ömbuna and ambana, mod. umbuna, að, to reward (e-m e-t); alla daga er ek lifi, á ek þér at ambana (ömbuna, v.l.), Fms. vi. 327; þú hefir ömbunat mér íllu gott, thou hast repaid me good by evil, i. 264; láti Guð oss fá þeim umbunat svá at þeir kenni, ix. 499 (ambanat, Fb. iii. 144, l.c.); þá skal Guð ambuna honum, en komi eigi fé fyrir, N.G.L. ii. 91; síðan skal erfingi umbuna honum fyrir starf sitt, Jb. 154; ömbunaði hann þar í móti þrjátigi pakka vaðmáls (paid in turn), Bs. i. 872; þeim skal ek kunna þökk ok ömbuna góðu, er ..., Fms. i. 296.

ömbunari, a, m. a rewarder, Karl. 138.

ömpull, m. [from Lat. ampulla], a jug, Pm. 93; see ampli.

ömstr, m. a rick, stack, Edda. ii. 493.

ömun, f. an obsol. poët, word, voice, sound; see óman or ómun; this word may be akin to önd, cp. Goth. ahma; it is spelt omvn, Skv. 1. 71 (Bugge); omun, Edda i. 544.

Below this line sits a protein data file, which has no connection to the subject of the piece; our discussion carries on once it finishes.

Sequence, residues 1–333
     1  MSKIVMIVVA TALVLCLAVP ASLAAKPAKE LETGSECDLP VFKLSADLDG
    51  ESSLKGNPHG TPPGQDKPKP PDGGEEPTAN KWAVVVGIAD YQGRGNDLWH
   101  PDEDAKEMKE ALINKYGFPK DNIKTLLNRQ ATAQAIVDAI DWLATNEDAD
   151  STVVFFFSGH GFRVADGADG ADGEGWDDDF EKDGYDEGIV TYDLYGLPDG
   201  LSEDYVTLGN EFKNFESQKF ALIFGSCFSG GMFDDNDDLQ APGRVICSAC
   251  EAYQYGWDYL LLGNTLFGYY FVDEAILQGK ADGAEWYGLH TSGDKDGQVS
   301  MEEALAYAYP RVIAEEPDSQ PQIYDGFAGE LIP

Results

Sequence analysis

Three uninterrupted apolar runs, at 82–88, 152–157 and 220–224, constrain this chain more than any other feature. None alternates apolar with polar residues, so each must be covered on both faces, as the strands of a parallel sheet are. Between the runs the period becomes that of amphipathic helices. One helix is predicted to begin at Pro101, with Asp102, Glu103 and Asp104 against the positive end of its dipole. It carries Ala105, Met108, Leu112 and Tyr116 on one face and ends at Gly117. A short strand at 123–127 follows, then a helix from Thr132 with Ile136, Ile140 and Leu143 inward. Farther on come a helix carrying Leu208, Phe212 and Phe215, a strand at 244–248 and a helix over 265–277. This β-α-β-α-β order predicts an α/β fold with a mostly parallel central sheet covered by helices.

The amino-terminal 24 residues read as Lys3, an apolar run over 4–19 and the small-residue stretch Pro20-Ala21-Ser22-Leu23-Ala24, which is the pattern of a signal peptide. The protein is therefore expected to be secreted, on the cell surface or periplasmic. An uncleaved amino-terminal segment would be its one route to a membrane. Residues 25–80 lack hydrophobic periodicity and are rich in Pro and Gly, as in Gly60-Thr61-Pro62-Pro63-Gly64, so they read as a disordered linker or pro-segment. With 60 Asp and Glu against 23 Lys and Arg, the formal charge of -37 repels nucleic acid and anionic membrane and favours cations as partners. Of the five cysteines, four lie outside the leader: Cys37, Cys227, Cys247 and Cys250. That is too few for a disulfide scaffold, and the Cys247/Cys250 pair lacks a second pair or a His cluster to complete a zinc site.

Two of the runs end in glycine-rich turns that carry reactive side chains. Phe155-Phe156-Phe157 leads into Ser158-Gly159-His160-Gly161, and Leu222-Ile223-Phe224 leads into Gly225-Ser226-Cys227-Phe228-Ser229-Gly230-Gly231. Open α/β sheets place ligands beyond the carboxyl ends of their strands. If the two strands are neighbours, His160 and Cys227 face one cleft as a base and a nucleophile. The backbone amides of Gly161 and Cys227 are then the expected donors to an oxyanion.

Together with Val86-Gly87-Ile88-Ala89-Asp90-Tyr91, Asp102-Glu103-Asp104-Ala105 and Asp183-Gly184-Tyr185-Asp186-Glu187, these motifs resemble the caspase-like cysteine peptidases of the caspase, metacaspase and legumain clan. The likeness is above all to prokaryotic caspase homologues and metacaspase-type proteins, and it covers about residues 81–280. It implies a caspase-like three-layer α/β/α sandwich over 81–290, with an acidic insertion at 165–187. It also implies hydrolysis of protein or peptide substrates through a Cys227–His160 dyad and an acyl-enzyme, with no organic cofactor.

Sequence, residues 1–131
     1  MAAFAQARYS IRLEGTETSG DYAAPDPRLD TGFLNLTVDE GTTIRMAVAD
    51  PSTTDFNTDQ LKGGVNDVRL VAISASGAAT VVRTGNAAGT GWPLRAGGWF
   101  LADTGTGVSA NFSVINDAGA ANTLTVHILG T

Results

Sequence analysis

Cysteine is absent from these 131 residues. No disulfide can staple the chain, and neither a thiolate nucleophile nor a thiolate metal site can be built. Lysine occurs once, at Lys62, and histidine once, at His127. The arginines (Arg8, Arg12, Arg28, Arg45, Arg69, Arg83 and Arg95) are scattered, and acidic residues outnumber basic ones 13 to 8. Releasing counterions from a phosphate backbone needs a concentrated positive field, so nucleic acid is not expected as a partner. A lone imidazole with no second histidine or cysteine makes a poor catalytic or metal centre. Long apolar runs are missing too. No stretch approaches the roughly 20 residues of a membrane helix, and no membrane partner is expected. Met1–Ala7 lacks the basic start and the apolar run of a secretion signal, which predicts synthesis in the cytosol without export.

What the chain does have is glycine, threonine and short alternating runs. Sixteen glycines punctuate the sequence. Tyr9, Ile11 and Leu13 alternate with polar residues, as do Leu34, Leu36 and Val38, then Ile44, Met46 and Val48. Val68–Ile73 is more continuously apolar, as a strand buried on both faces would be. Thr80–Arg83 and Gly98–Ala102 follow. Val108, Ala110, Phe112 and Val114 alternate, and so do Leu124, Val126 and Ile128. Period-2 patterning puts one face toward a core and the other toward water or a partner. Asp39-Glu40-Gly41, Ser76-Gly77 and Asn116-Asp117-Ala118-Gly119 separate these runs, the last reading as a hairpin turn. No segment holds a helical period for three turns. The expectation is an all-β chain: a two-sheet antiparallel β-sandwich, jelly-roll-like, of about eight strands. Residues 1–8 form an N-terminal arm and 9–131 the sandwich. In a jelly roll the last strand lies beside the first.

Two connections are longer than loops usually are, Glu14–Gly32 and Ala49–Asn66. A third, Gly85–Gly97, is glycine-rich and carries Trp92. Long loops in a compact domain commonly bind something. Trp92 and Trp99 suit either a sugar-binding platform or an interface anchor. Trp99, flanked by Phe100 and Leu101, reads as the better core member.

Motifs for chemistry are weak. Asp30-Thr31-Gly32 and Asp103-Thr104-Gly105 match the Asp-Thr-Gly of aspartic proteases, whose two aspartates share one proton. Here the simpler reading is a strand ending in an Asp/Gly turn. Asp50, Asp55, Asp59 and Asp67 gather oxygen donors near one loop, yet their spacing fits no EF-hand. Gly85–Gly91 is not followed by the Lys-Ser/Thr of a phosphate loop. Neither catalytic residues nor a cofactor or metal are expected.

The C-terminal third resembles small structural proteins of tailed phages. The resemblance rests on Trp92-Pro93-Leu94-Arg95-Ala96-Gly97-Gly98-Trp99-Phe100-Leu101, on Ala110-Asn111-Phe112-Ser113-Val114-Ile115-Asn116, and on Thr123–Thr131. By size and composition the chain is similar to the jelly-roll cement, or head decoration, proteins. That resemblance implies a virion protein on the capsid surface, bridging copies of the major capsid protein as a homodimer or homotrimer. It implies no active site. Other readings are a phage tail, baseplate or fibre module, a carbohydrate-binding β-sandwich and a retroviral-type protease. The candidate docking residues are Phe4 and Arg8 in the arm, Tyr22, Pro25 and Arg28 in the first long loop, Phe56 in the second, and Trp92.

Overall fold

ömun = aman, [ama], a teasing, vexation.

ömurligr, adj. dreary, horrid; í hræðiligu dreka líki ok ömorligu, Niðrst. 1; cp. amra, p. 19.

ÖND, f., gen. andar, pl. endr and andir, and so in mod. usage; [A.S. ened; Dutch eend; O.H.G. anut; Germ. ente; Dan. and, pl. ænder; Lat. anas, anatis; Gr. GREEK] :-- a duck, Edda (Gl.); flaug mikill fjöldi anda (gen. pl.) ... eina öndina, Art. 38; endr ok elptr, Karl. 477; vali, álptir, gæss ok andir, Grág. ii. 346, passim; brim-önd, töpp-önd. COMPDS: andar-egg, n. a duck's egg, Eg. 152. andar-fygli, n. ducks, Fb. i. 480. andar-steggi, a, m. a drake, Karl. 260.

ÖND, f., gen. andar; spelt önn, Skm. l.c.; [and-, p. 19, col. 2] :-- a porch = and-dyri, prop. the place opposite the door; skynda út at andar, Bjarn. (in a verse); síðan gékk hann eptir gólfi ok útar í öndina, ok lét fyrir lokuna, Lv. 60; ok er þau kóma fram um dyrr, gékk hón í öndina gegnt úti-dyrum ok kembir þar Oddi syni sínum, Eb. 92; vertú sem þistill þrunginn í önn (= önd) ofan verða, Skm. 31; see þröngva.